Barack Obama was inclined at one time — before he began currying favor with American Jews for election purposes — to publicly chastise Israel, for example, for announcing that homes for young couples would be build in Jerusalem east of the Green Line. But if he publicly chastised the PA for failure to exhibit good faith in the negotiations, I missed it.
A most unpalatable fact of life: This is what Israel must contend with.
According to the Palestinian Maan News, the PLO executive committee will be meeting today, to discuss the “failure” of the preliminary talks. Then of course there will be discussion of “alternatives.” UN bids, Hamas reconciliation (see below on this), etc.
Here we may go again…
As to Hamas, it’s in a severe state of turmoil. Iran has cut off assistance because of its leaders’ refusal to back Assad in Syria. And thus, for all intents and purposes, Hamas is finished with regard to being headquartered in Damascus. According to intelligence sources, Khaled Mashaal has left for good; he’s in Jordan at the moment and won’t be coming back.
There seems, however, to be a real reluctance to say that the Hamas headquarters are closed. As one diplomat cited recently in the JPost put it, “Our belief is that Hamas [would] not announce a departure from Syria even if it happened.” What is likely is that they’ll keep low level staff there and maintain the fiction that they still have a headquarters there.
But where will they go? Jordan has established limits to a Hamas presence, saying that Hamas leaders are welcome as individuals, but no more than this. King Abdullah has his hands full as it is.
The Muslim Brotherhood is similarly less than keen on hosting this movement. And, says Guy Bechor in YNet, they won’t settle in Gaza because they fear it would make them too ready a target for an Israeli hit.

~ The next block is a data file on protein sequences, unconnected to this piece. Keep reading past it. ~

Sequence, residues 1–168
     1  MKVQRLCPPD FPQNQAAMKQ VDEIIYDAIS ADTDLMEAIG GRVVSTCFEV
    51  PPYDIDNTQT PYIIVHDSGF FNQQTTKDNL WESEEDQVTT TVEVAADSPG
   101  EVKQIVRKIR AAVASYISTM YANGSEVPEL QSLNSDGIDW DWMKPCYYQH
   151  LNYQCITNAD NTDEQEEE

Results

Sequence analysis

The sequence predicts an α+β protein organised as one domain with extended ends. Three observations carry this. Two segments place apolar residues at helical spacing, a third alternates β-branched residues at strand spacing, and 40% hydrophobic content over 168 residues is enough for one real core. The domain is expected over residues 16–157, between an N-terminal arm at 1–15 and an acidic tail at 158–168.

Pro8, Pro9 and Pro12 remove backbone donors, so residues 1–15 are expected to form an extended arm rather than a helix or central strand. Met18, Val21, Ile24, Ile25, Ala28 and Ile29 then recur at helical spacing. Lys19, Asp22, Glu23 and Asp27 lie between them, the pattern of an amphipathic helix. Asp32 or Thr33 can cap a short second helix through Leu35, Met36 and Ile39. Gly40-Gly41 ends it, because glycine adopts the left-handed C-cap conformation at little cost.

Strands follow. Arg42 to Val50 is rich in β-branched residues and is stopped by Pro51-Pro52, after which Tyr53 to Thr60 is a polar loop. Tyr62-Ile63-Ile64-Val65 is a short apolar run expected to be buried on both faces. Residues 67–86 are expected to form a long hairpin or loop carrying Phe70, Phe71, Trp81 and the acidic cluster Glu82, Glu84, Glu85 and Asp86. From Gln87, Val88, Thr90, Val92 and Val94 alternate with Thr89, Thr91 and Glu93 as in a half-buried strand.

Bechor says that the “domestic” Hamas leadership in Gaza headed by Ismail Haniyeh is gaining ascendency within the organization now. And Mashaal is so frustrated that he’s talking about leaving Hamas and starting a rival Muslim Brotherhood group, which means “a return to the Islamic track at the expense of Palestinian national identity.”
Lastly, says Bechor, “Hamas won momentary global glory as result of the so-called blockade on Gaza. Yet now, when the siege is no longer in place with the border crossing to Egypt open to people and goods, how will the organization survive on the public relations front? This may be the worst problem faced by a group that lives off anti-Israel slogans and now finds itself crashing against the rocks of reality. “
See the full article here: http://www.ynetnews.com/articles/0,7340,L-4181496,00.html
A likely result of this enormous Hamas turmoil is that the idea of a Hamas-Fatah reconciliation will be more readily exposed for the myth that it is.
We’ve looked before at the issue of the joint US-Israeli military exercises that were to take place here, but were cancelled, amid much speculation as to why and by which party. Even now I am seeing reports claiming that Israel cancelled, and that is what a representative of the Obama administration claimed when Gingrich chastised Obama for the cancellation.
Now I have on background, from a highly reliable source, this information:
“The U.S.-Israeli exercise was canceled because Obama is dealing secretly and intensively with Iran in an effort to stop a nuclear crisis and to ensure Teheran’s cooperation for a U.S. pullout from Afghanistan. The easiest and most effective way for Obama to show his sincerity to Teheran is to keep Israel at arm’s length if not farther.”
I want to call an important article to your attention:
Caroline Glick’s brilliant “Zionist Imperative,” in which she speaks about the historical ambivalence of America Jews to Zionism (all emphasis added).
“The problem that anti-Zionism poses for American Jewry is that it forces them to pay a price for supporting Israel. This is problematic because Zionism has never been fully embraced by American Jewry. Since the dawn of modern Zionism, the cause of Jewish self-determination placed American Jewish leaders in an uncomfortable dilemma.
“Unlike every other Diaspora Jewish community, the American Jewish community has always perceived itself as a permanent community rather than an exilic community. American Jews have always viewed the United States as the new Promised Land.
“With the formation of the modern Zionist movement in the late 19th century, American Jews found themselves on the horns of a dilemma. Clearly, the state of world Jewry was such that national self-determination had become an existential necessity for non-American Jews.